I feel like a drunkie descending snail stairs. If I were sober, I'd be afraid to lose my footing, but that sense of self-preservation has long since abandoned me. If I cared a little bit more about myself, I'd cling to the banister, hold on for dear life, but I think there's no longer a point to it. Everything around me is shadowed, a multitude of blazing colors blurring and intertwining with one another. I've never been drunk, but I am sure this is what being drunk feels like - losing control of yourself, the situation dropping off your hands with the same echo-y sound glass makes as it hits the floor.
Yes, I finally understand the paranoia. I am holding onto strings so tight my hands start to bleed. I refuse to grab a pair of scissors and sever our friendship. It'd be so easy. It'd be a sacrifice I'd make to remain sane. But what's sanity anyway? Sanity's overrated. And I know, once I lose you, I'll no longer be sane. Because that's the thing. I have never been a hundred percent sane. I am the kind of soul who years for commitment but runs away from it, ignites a fire and then refuses to put it out. I've burned forests because I couldn't control my mouth. You can ask the list of long-lost friends I keep in a journal hidden in my drawer, or you can simply call my mother and ask her how much I hurt because of stupid stuff. Right now, I am aware I'm tipping over a zip line with no harness. I will fall. In some ways, I cannot wait for gravity to pull me, to finally feel alive.
And my room feels like a time machine. I live in it, forever suspended in fragile moments, not knowing what might happen. I fear the future and I yearn for the past, but I am stuck in a present I cannot fully have. I should not complain. After all, I could go out whenever I want, hang out with friends to keep me distraught. But I don't want to. They don't know how I feel - I doubt they'd ever understand. Yes, that's cliche. But my emotions are raging with thoughts and feelings, and I can only hold fast onto the hope that has failed me many times before, hoping the winter comes to an end and you're still here as a witness to the tale.
Tell me, if I don't scream, does that grant me a ticket to hell? I could keep quiet and bow my head when it happens, pretend I didn't know. But I did. I held those secrets as cautiously as I held onto mother's hand when I was younger. That unrequited information is eating me alive, pillaging my organs, carving my bones. It is weary, it is painful. It is everything I am here for and it suddenly gifts me a purpose. I don't think I'll be successful.
So watch me become a trapezist, become enthralled with the dangers of life and its mitigating solitude. Once you leave I'll have to bury all my fears, swallow my pain, and keep preaching about a faith I no longer possess. I could accuse you of being selfish. I could say you're wrong for ending this journey this way, just turning off the car when your tank's full of fuel. But who am I to judge? How could I begin to understand? Your brain has always been complicated, always been more than I could guess. You're too smart for a world this mundane.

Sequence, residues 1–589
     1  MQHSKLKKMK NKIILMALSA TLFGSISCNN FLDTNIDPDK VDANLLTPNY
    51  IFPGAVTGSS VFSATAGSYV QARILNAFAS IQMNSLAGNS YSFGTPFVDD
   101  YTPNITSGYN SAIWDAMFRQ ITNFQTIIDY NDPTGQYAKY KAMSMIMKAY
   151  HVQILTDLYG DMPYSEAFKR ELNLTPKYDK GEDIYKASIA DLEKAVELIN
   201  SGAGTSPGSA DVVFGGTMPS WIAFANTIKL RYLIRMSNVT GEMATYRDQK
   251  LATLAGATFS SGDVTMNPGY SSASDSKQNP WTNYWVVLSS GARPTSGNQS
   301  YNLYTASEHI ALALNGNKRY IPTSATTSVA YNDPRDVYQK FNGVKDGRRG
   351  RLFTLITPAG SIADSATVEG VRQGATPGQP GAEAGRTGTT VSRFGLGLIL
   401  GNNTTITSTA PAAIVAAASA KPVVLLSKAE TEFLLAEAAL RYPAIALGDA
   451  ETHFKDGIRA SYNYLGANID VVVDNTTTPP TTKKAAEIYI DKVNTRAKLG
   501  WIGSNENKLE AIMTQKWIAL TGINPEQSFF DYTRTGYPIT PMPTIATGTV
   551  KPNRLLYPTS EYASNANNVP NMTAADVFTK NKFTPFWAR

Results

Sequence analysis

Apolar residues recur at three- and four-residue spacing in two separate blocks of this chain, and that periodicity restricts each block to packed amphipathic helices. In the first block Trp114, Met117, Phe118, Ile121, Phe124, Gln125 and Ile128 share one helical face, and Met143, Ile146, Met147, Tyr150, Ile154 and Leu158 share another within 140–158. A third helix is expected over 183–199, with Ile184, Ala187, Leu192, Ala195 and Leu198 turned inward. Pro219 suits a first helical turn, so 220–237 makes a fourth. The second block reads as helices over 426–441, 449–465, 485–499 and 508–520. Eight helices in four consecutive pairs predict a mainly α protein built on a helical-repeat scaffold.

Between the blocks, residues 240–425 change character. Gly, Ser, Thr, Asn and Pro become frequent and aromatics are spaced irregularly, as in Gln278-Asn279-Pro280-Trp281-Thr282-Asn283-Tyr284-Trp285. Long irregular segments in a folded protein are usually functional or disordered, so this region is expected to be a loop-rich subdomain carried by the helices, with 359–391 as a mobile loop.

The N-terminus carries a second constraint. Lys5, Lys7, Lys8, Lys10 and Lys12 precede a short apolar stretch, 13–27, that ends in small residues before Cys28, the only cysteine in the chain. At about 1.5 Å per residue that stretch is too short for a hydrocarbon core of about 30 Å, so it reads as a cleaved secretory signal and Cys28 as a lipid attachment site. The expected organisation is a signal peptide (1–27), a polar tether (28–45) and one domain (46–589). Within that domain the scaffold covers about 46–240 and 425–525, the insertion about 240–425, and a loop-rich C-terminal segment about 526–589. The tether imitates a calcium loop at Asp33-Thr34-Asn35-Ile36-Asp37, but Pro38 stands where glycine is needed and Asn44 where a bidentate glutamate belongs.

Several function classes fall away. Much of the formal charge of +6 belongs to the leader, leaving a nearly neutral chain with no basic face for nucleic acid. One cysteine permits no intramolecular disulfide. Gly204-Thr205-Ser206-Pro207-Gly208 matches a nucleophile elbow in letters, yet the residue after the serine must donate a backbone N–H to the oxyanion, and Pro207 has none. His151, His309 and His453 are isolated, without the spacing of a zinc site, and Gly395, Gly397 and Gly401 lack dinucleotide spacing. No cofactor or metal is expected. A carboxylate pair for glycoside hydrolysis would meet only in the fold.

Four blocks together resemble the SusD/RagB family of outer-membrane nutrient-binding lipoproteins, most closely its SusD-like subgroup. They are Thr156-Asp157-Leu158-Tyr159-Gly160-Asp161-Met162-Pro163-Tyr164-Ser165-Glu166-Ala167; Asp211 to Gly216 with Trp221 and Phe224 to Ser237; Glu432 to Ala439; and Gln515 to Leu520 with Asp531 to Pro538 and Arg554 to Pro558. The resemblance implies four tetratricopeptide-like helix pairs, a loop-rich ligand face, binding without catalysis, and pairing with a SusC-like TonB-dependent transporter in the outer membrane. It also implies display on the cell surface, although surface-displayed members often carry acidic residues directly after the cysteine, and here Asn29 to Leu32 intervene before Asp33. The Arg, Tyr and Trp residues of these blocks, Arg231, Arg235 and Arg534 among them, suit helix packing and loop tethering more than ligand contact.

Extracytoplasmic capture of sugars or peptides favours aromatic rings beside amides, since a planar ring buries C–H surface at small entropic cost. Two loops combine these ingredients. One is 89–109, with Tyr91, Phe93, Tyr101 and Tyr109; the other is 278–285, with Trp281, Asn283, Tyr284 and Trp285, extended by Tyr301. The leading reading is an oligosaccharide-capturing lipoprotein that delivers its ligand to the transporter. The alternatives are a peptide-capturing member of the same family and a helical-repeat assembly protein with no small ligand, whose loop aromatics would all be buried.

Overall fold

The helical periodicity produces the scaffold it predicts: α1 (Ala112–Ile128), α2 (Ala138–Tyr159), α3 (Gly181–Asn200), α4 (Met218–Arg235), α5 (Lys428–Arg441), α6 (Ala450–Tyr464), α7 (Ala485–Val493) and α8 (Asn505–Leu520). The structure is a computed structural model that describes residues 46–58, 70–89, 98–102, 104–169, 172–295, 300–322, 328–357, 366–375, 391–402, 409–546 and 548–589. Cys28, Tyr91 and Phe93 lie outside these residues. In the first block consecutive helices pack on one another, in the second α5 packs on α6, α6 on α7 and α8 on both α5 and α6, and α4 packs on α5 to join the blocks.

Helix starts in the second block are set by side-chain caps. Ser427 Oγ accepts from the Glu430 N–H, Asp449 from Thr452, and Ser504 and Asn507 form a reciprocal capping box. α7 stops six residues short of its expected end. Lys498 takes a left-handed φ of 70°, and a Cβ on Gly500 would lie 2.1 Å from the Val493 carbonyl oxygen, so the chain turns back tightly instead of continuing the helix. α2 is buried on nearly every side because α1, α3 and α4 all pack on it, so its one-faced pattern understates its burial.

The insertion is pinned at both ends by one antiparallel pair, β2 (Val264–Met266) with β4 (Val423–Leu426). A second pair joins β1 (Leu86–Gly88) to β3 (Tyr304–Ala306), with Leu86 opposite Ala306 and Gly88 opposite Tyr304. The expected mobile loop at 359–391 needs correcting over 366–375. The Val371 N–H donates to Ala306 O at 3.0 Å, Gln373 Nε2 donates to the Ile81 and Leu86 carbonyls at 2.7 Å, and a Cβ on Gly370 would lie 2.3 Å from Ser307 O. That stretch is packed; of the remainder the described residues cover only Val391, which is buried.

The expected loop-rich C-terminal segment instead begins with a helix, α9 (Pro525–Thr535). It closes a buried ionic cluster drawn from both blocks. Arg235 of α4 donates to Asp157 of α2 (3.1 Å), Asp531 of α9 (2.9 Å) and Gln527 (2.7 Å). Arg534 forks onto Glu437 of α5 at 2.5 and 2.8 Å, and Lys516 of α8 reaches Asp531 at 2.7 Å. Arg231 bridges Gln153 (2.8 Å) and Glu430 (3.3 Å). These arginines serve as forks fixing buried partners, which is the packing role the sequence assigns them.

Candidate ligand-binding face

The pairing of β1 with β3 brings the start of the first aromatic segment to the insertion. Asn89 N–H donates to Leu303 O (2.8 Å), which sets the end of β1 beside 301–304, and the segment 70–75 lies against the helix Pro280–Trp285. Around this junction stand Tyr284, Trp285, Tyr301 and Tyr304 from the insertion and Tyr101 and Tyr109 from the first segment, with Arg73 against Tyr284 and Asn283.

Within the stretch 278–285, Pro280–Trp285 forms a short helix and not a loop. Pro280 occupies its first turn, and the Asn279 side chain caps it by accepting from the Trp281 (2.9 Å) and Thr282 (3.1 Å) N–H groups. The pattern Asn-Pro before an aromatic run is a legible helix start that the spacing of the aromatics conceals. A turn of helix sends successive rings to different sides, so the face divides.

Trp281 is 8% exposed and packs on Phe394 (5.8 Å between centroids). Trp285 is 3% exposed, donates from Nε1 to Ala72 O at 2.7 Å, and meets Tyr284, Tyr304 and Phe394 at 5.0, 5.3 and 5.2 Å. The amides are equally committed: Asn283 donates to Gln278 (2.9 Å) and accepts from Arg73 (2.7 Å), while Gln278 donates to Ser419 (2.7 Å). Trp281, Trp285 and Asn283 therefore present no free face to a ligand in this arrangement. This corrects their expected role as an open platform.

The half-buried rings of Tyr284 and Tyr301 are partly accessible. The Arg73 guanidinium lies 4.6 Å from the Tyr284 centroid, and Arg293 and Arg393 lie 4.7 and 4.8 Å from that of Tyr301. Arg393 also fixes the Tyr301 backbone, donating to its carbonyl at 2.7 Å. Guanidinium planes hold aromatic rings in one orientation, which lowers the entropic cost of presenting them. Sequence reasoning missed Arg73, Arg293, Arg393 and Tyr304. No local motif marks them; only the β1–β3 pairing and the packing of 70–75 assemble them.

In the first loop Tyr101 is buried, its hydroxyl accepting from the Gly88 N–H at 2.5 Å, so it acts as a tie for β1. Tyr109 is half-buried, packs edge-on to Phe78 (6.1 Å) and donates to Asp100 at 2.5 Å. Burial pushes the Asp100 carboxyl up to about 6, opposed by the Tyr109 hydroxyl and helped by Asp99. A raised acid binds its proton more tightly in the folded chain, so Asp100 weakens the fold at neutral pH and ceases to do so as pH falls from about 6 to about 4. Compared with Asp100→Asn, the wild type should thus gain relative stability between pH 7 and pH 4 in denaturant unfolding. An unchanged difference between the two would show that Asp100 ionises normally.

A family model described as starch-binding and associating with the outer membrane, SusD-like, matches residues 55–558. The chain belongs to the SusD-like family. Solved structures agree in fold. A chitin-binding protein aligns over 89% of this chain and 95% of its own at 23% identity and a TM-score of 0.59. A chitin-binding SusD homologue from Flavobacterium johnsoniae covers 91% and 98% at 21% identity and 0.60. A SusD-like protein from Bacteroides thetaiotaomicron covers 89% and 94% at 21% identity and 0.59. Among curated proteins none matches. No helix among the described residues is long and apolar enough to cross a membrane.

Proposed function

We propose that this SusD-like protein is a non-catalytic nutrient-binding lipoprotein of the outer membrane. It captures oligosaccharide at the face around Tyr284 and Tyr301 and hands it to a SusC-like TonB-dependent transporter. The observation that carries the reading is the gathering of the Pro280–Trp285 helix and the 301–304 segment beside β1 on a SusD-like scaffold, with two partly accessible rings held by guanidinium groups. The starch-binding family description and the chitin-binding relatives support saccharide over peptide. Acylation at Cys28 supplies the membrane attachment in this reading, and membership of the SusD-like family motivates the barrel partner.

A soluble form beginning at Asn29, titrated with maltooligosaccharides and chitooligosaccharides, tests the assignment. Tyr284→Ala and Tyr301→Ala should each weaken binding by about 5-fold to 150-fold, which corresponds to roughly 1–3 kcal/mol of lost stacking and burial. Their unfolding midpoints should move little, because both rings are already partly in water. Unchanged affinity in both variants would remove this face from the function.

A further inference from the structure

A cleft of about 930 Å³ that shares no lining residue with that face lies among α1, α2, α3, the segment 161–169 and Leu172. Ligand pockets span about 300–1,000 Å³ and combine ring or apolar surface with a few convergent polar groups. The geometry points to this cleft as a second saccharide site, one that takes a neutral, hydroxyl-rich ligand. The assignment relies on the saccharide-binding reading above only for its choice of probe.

And listen, little angel, I do not know if you're in pain. I do not know if I'm rationalizing things to feel something. All I know is it will be a shame to watch you leave. I got used to you lurking in the shadows of my deepest sentiments, you serenading me out of tune with the inconsistent compass you call empathy.
I could get used to this winter thundering inside me. It claims me as its own, begs me to freeze my heart so as not to feel cold. But I cannot. I am sorry. I keep the kindle alive by our fireplace, in case you decide to come home. And, little angel, if you don't, I'll keep the Christmas tree up as a souvenir you forgot to take with you.
I could get used to next spring if you're here to see the flowers bloom with me. If you stay here and we make another impromptu road trip to who knows where just to get out of this city. I would celebrate your birthday and you'd celebrate mine. No gifts would be required, for your presence is all I could've ever asked for and much, much more.
I could get used to summer as we apply for college. Maybe I get to that low-ranking university I have my eyes on, and you fall on your face when you hear the news you were admitted to your dream college miles away. And then we have to say goodbye. If we make it until then, I promise I'll let go off your hand. I promise to let you leave. But it wouldn't mean I would forget about you. I am immune to amnesia now - you're something I recognize as much as I recognize breathing.
And I could certainly get used to next fall, if you, for some reason, choose to stay here. I could drive forty-five minutes if it meant seeing you every weekend. I could cheer you up and be a witness to how strong you are, little angel.